16. 16.  Newspaper and radio polls  Survey research from previous campaigns  Demographic data  Other dataCheck out incumbent congressman/ Senators record to researchStatements they make to the media, in committee, as a committee member,response to candidate’s questionnaires, votes, ratings, office expenditures, timingand volume of franked mail.Look for patterns, juxtapositions, what he did and didn’t do, flip flops, curioustiming.Research process is complete when the election is finalTiming: Begin with your positive platform and save the criticism for later.Keep the ratio 3:1 positive to negativeWhen you criticize make it part III of your statement 1. The Problem 2. Your solution 3. Your opponents action and why its not a solutionCriticize the action, not the person; be deferential, polite, and human to the person.Keep your tone moderateRemember, everyone has a recordUse the website for background information and research.
  17. 17. Handling Negative information and mediaMistake people make when running for office OVERCONFIDENCENegative media is a fact of life, the best way to combat negative media is to increasepositive mediaThe press is not your friend, Build relationships, not friendshipsHippocratic oath: Do no harm. Find out -What are they saying about you?Google alertsSearch the blogsMaintain a trusted network of friends, colleagues, allies to alert youSign up for blog alertsClipping servicesMetro monitor, TV, Radio Opportunities to set the record straight  News releases  Media kits  News conferences  Articles in political magazines, weeklies, journals  TV and radio talk show appearances  Web based blogs, podcasts
  18. 18. Remember:Be preparedStrive to be above approachConsider every communication as if it were to appear on the front page of thenewspaper… it can.You can’t trust the mediaThere is NO off the recordBe conciseBe forthrightOption 1: Ignore the attack  Very difficult to do (pride, set the record straight, etc)  The Danger Vigorously defending every attack  Opposition will see this  Attack you every morning and you’ll spend every afternoon responding  Usually the best option -examples: Bill Scott (VA) response to being the dumbest senator, he pointed it out by calling a press conference to defend himself. No one would have known because it was in the Washingtonian magazine which hardly anyone reads.This helps stay on messageOption 2: Respond to a false chargeWarranted when the charge has legsOption 3: respond to a defensible charge  Confess  Defend as the right thing to do (when there is a valid reason)
  19. 19.  Show moral indignation that the charge was made  End the usefulness of the charge as quickly as possible Example: Mitt Romney and his faith in America address, Palin and his daughters pregnancyOption 4; Direct response to a diminishable charge  Confess  Laugh it offExample: Reagans age response in the Walter Mondale responseOption 5: Respond to serious chargeConfessHumbly apologizePromise never to do it again -seeking forgiveness -example: Reagan and Iran ContraOption 6: Change the subject  Ignore, then change the subject -Examples: Gov. Chuck Robb (mines, prisons) Bill Clinton (affairs) Nixon ’52 (Checkers) -Defense by Proxy – get someone else out there so you can focus on your messageOption 7: Inoculation  You disclose the negative information first. o Example: DWI arrests o Remember to stay on message!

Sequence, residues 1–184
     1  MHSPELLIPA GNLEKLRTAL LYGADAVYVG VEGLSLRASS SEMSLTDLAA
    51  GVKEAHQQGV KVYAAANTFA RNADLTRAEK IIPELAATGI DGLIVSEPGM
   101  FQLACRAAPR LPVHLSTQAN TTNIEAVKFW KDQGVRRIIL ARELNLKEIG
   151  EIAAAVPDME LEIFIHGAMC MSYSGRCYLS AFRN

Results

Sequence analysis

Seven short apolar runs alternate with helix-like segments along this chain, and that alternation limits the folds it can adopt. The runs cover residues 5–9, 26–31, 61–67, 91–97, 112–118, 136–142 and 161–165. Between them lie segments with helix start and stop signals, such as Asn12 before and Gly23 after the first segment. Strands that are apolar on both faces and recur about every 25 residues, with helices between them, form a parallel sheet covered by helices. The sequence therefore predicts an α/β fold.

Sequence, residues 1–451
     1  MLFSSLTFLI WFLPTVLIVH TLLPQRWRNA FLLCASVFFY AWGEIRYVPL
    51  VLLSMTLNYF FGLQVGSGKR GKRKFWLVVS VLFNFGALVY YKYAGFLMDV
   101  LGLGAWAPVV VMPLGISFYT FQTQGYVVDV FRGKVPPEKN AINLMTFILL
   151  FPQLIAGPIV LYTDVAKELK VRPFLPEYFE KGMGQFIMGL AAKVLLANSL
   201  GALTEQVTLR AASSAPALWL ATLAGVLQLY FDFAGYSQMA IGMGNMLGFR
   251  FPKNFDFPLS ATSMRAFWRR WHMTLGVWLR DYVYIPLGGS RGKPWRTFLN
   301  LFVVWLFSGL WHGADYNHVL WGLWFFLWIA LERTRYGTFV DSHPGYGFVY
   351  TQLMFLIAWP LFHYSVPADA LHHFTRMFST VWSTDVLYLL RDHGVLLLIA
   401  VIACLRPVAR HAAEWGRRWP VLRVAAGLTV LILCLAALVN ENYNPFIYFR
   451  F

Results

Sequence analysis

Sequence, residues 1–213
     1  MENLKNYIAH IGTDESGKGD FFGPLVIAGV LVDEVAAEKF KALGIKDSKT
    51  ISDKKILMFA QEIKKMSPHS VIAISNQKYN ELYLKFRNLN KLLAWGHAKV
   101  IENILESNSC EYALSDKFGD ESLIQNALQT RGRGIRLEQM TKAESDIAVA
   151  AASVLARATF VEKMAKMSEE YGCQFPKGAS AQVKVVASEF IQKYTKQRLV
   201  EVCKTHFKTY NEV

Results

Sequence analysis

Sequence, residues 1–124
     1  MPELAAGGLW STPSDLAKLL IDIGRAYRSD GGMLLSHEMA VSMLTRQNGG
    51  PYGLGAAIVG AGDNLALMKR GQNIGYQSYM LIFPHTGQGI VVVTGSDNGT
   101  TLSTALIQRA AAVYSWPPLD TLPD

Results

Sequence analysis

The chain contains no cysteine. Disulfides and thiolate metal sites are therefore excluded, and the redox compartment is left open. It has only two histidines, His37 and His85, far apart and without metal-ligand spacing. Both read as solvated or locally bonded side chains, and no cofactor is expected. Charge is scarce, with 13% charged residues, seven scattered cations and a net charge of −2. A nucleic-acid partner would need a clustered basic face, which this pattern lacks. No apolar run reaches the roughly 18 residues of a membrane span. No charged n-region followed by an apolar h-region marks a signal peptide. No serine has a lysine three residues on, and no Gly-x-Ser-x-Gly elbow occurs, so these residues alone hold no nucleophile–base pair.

20. 20. The Leadership Institute has a DVD called “Handling Negative Information” videoavailable by calling 1-800-827-LEAD GOTV (Get out the vote)Objective: Maximize the turnout of voters support to your candidate. Calculate, Persuade, Deliver  Determine how many votes you need to win, and where they will come from.  Contact voters in targeted groups, persuade to support your candidate.  Code voters as favorable, unfavorable, or unknown/swing. Role of the party in GOTV efforts  Candidates can coordinate GOTV programs with the party, if the party is sufficiently organized to turn out its own members.  High level of coordination is required  Advantage: Allows your campaign to focus on these identified supporters who are not members of the party.  Disadvantage: The party will turn out all members, not just those who support you. (Usually an acceptable risk) Voter turnout tools  Absentee ballot/ vote by mail – effective, reliable, measurable.  Voter turnout phone calls.
  21. 21.  Voter turnout mail  In person visits The Green / Gerber study  Voter turnout phone calls – 30 second live calls Sunday –Tuesday. The study did not show an increase in vote total from this  Mailings - Significant increase in vote count.  In person – Significant increase in vote count.Standard GOTV Program  During final days of the campaign  Call voters in your own party, encourage them to vote on Tuesday.  Perhaps call voters outside of your party Effective GOTV programs  Utilize a variety of tools to maximize the rate at which voters identified as your supporters turn out and vote.  Entire process hinges on your campaign as favorable, unfavorable, or unknown.Step 1: Absentee Ballot / vote by mail program (must be built in by January ofelection year)  Mail requests/ applications to voters known to be supportive.  Track those who turn in ballotsStep 2. Personal CanvassingStep 3: Election day program  Personally contact all known supporters who have not voted by mail, and encourage them to vote.  Begin planning months in advance  Ideal to name a single person to coordinate all election day activities.Step 4: Election day program